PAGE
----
Category Archives: South Platte River

South Platte River – 05/17/2022

Time: 10:30AM – 3:30PM

Location: Eleven Mile Canyon

South Platte River 05/17/2022 Photo Album

When I first moved to Colorado in the early nineties, a San Juan worm and a pheasant tail nymph were nearly certain producers on the South Platte River. Since that time I strayed from the San Juan worm. When I have a bad day, my wife insists it is because I eschew the trusty worm. Could a San Juan worm still be effective on the South Platte River or other Colorado systems?

My options for fishing in Colorado rivers and streams dwindled, as I reviewed the flows upon my return from a week in Kauai. Bear Creek, Boulder Creek, the North Fork of St. Vrain Creek, and the Big Thompson remained viable, even though they were on the upper border of disappearing from my possible list. The South Platte River at Lake George was trending upward at 170 CFS, when I checked the DWR graphs on Monday evening, so I decided to give it a go on Tuesday.

190 CFS

The temperature was in the upper sixties, when I arrived at my chosen pullout along the river, and the high peaked in the low seventies with very few clouds in the sky during my time on the river. Tuesday was nearly perfect from a weather perspective from an angler viewpoint. When I crossed the road to stare at the river, it appeared to be higher than I anticipated, and this eventuality was accompanied by some murkiness. Upon my return to home, I checked the flows for Tuesday, and the chart reflected a gradual climb from 170 CFS to 200 CFS during my time on the river. The increase surely explained the color, although visibility remained reasonable, as the streambed could be seen in all but the deepest pools. In addition to the turbidity I observed an abundant quantity of floating debris, and lots of fly-grabbing sticks were wedged between the rocks. I also encountered a family of tubers, but they exited above me and never became a significant nuisance.

A Start

I began my day with a dry/dropper that included a size 8 yellow fat Albert, a beadhead hares ear nymph, and an emerald caddis pupa. In the early going I landed one tiny brown trout that was too small to count and then added a ten inch brown that consumed the hares ear. When I attempted to remove the fly and release the fish, I discovered a snelled hook from another angler in the fish’s mouth, and it was too deep to remove, so I released it in the same state, as I caught it. I felt bad about this, but the fish seemed to be surviving with a hook and leader in its mouth, and I concluded that any effort to dig deep would do more harm than good.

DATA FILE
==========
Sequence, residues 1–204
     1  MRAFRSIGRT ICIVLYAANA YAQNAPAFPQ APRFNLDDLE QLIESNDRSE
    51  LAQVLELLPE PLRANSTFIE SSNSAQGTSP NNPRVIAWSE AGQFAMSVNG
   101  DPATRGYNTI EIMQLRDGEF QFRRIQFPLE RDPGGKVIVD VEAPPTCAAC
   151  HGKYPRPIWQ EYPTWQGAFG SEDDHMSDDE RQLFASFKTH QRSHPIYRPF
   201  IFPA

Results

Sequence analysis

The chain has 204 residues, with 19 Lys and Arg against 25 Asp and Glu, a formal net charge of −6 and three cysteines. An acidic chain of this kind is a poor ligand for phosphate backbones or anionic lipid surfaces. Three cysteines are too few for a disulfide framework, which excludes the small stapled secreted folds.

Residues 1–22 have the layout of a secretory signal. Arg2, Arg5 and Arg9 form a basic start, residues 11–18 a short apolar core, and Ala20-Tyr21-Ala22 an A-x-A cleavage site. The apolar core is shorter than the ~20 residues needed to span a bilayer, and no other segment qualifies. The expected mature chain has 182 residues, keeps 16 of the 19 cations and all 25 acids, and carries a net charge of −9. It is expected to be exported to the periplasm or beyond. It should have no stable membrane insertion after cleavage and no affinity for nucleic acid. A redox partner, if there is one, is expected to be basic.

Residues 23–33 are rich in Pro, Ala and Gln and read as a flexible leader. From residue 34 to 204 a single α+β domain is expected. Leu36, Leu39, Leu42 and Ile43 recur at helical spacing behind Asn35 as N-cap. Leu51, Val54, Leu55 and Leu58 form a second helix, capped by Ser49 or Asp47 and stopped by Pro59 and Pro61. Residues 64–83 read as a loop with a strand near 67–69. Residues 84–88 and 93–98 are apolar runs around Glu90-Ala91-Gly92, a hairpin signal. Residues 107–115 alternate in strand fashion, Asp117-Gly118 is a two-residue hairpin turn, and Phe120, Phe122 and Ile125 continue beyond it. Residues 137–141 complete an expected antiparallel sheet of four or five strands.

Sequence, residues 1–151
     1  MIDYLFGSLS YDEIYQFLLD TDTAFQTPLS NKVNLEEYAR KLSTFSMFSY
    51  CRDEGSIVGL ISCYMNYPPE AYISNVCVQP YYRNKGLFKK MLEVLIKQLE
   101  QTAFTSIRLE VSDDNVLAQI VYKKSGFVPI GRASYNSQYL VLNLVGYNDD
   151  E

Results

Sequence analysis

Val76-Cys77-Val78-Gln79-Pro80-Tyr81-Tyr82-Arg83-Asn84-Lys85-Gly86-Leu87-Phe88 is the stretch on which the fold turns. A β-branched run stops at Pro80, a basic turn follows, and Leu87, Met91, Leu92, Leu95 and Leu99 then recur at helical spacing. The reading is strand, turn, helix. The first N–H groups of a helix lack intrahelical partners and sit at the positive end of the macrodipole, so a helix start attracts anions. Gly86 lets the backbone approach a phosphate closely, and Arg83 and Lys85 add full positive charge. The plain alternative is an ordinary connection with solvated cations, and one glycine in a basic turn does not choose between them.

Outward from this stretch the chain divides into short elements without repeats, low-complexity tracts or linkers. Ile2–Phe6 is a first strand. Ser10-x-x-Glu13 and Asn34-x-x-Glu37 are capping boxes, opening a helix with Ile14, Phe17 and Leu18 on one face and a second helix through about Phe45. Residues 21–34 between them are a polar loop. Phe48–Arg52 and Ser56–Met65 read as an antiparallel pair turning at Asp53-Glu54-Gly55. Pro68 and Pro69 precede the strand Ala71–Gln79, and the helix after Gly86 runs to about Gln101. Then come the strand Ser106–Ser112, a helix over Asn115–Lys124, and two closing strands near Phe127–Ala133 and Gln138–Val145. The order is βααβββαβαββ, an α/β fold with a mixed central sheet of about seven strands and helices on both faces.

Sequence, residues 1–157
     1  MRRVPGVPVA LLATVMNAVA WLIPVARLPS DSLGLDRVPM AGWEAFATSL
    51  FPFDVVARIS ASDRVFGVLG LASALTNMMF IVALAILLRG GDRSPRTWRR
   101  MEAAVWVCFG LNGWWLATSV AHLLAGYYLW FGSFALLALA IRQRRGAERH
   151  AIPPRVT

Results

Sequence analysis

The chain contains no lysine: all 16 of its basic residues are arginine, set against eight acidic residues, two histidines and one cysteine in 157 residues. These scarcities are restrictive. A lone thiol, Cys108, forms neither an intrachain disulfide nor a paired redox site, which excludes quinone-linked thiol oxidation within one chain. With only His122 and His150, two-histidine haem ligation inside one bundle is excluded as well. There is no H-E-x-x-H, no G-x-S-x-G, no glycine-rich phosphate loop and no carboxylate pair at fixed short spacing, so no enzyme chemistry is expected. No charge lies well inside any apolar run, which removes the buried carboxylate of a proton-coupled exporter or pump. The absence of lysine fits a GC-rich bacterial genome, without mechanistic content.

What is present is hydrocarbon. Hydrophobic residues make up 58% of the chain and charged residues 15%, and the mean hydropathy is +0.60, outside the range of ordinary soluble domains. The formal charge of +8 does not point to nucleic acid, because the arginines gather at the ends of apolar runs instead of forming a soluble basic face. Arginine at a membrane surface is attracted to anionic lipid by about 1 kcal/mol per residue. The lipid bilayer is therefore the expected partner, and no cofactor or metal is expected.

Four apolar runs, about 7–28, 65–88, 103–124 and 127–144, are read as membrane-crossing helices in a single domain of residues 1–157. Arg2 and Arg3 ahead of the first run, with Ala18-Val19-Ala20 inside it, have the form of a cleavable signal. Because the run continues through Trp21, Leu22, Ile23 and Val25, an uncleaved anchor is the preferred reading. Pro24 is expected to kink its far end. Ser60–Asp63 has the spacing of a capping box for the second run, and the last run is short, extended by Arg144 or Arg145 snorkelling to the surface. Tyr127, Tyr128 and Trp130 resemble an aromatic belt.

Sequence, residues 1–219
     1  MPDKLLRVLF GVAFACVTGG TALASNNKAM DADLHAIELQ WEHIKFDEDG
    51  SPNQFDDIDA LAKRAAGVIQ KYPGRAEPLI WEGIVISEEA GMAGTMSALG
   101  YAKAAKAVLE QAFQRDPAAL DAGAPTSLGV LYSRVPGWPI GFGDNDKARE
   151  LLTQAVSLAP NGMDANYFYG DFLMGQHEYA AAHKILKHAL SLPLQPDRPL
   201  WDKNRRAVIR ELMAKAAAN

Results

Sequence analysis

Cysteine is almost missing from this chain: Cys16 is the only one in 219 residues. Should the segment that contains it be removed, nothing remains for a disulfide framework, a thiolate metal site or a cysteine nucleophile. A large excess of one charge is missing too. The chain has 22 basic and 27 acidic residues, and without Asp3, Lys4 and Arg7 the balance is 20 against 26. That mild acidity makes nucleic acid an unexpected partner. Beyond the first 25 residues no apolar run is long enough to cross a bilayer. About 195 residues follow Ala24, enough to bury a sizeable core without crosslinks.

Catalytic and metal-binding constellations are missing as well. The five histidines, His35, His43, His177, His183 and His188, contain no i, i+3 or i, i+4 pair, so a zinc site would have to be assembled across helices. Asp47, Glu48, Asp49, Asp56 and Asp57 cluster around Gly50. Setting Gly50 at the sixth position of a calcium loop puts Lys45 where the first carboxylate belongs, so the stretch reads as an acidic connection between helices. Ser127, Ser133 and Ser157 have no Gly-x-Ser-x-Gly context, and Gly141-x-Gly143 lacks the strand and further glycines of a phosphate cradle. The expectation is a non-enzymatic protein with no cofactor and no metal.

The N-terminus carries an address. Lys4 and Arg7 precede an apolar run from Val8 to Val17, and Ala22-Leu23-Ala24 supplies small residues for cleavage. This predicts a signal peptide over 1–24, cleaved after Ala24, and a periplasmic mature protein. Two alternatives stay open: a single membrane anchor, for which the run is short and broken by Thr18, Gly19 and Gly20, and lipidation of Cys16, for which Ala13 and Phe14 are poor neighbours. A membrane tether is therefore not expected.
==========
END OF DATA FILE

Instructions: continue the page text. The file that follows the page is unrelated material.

Decent for This Section of River

After a fifteen minute dry spell I exchanged the caddis pupa for a black, beaded mini leech. The leech generated no luck, so I made another switch to a pink San Juan worm in combination with the hares ear. Ka-ching! The San Juan worm clicked and remained on my line over the remainder of the day. By lunch at noon my fish count rested on five, with four brown trout grabbing the San Juan worm, and one brown favoring the hares ear, as explained earlier.

The Worm Was Desired

After lunch I made an overzealous cast and broke off all three flies that comprised the dry/dropper. The flies remained on an island two-thirds of the way across the river, and I was unable to wade into a position to recover them, so I made a mental note of the prominent characteristics of the island and planned to resume a search, once I crossed to the other side at a manageable crossing point.

I used the break off as an opportunity to experiment with a nymphing rig. Early afternoon was blue winged olive hatch time, so I constructed my offering with the pink San Juan worm and a sparkle wing RS2 along with a split shot and New Zealand strike indicator. The nymph set up remained in place for the remainder of my time on the water, and the fish count steadily climbed from five to twelve. During the course of the day the pink San Juan worm accounted for eight trout; the hares ear one, an orange scud fooled one; and a salvation nymph finished out the day with two. A baetis hatch never materialized, and the RS2 was ignored.

Different Lighting

When I reached the area just below Happy Meadows, I reversed direction and crossed the river just above the island, that I planned to search for my flies. I almost forgot and walked a short distance beyond, but then I remembered and descended to the river and crossed a small side channel to reach the small island. I paced fifteen steps to the downstream side and almost immediately spotted the yellow fat Albert and recovered all three flies.

On my way back to the car I stopped to fish some pocket water along the side of the river that bordered the road, and I snagged a large branch. I attempted to leverage the branch within my grasp, but my line broke, and I lost a pink San Juan worm and orange scud. You win some, and you lose some.

Another Respectable Brown

The lost fly incident caused me to retreat to the car, and I drove down the road for .5 mile and parked in a wide pullout next to a high bank above the river. I hiked down the road a short distance and then cut back to the river and worked my way back to the car while drifting a flesh colored San Juan worm and salvation nymph. The salvation fooled one brown trout, and a thirteen inch brown chomped the worm, as it dangled in the current at the bottom of a run,